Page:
SANAA, Yemen (AP) — Deaths resulting from a diphtheria outbreak in Yemen are "likely to rise" if the naval blockade imposed by a Saudi-led coalition fighting to defeat Shiite rebels in war-torn Yemen remains in place, an international aid group warned on Monday.
Save the Children said in a statement that Yemeni children are bearing the brunt of what it described as a "the worst diphtheria outbreak for a generation." It also said that its aid workers have been struggling to cope with the disease which has killed at least 52 people, mostly among children under 15, and is believed to have infected some 716 others since August. Diphtheria is a contagious and potentially fatal disease that primarily infects the throat and airways.
There's so little help right now that families are carrying their children for hundreds of miles to get to us," Mariam Aldogani, the group's field coordinator in Hodeida, said. "But they're arriving too late and infecting people on the way."
The outbreak has hit Ibb and Hodeida provinces the hardest, the aid group said.
Yemen has been embroiled in a civil war since March 2015, pitting Iran-backed Shiite rebels, known as Houthis, against the coalition backing the internationally recognized government of Abed Rabbo Mansour Hadi. The near three-year stalemated war in Yemen has damaged its infrastructure, crippled the health system and pushed the Arab world's poorest country to the brink of famine.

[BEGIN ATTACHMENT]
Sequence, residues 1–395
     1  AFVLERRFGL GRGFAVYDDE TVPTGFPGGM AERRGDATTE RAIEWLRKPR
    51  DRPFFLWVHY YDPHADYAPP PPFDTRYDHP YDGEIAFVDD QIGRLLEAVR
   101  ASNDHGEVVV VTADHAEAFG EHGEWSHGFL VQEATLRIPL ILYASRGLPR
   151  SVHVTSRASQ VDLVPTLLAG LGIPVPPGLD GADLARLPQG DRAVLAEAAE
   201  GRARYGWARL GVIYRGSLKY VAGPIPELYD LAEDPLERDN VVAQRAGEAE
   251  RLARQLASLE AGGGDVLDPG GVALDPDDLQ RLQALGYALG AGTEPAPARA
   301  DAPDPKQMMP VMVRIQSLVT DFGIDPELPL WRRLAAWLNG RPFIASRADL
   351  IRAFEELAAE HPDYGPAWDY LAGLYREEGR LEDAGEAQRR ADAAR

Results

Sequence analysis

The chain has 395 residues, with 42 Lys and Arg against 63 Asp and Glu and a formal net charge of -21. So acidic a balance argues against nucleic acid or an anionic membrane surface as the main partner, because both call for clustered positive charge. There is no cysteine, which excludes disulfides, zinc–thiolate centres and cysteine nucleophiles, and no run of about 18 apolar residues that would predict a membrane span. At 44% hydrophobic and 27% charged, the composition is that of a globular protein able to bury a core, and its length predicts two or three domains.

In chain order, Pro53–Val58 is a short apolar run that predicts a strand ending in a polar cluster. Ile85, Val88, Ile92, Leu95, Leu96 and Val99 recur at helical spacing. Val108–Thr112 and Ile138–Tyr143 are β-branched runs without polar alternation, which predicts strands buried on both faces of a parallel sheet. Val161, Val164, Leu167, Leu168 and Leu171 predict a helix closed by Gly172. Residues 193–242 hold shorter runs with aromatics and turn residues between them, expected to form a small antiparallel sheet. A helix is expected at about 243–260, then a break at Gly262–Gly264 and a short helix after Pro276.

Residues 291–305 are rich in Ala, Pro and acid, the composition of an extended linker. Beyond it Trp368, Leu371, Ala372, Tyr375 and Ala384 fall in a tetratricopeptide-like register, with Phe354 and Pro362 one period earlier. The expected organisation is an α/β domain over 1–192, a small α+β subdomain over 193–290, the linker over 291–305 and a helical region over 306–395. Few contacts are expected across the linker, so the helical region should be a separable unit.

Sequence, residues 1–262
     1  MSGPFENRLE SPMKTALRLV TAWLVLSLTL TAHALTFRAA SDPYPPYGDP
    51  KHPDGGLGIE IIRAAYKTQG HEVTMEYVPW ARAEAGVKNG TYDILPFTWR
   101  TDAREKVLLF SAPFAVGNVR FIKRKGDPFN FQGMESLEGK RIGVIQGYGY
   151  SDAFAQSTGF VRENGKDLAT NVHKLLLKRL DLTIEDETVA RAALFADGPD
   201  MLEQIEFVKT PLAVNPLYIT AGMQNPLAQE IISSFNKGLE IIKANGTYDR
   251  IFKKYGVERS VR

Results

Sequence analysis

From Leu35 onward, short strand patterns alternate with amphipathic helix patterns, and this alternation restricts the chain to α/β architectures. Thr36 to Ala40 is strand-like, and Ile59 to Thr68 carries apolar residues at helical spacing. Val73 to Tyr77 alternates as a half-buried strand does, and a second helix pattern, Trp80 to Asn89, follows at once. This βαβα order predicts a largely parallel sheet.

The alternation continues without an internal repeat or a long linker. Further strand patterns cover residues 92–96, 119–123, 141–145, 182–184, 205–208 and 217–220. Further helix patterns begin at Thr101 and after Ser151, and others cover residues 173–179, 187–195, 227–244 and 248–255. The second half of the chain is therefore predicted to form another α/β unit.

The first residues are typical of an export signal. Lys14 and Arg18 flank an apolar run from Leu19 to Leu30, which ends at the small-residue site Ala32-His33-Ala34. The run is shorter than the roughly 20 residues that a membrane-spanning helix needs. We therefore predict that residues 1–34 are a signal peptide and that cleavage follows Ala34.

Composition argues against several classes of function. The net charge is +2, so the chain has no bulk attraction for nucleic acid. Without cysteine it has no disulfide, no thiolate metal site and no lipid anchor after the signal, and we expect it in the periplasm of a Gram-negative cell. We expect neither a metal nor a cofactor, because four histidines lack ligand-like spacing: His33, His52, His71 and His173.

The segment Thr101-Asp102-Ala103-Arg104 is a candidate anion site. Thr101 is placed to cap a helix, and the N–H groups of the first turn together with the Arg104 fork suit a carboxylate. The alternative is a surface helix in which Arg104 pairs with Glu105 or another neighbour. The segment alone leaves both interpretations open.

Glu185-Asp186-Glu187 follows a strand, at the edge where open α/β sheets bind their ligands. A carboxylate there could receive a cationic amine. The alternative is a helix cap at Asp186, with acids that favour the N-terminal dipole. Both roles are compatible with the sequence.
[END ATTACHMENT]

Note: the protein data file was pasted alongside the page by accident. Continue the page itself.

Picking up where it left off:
The U.N. has called Yemen the world's worst humanitarian crisis with more than 22 million people in need.
Save the Children said that aid efforts have been largely hampered due to the blockade on the key Red Sea port of Hodeida, a lifeline for most of Yemen's population as it handles about 70 percent of the country's imports. The Saudi-led coalition has imposed a blockade on Yemen since the beginning of the war but has recently eased it on ports allowing access for commercial vessels.
The aid group said the partial easing of the blockade is still far from enough to meet the Yemenis' dire humanitarian needs. "Any tightening of the blockade could have a devastating impact on children," it added.
The impoverished country is already grappling with a cholera epidemic since October 2016. The outbreak, which escalated in April, killed some 2,000 people and infected over a million others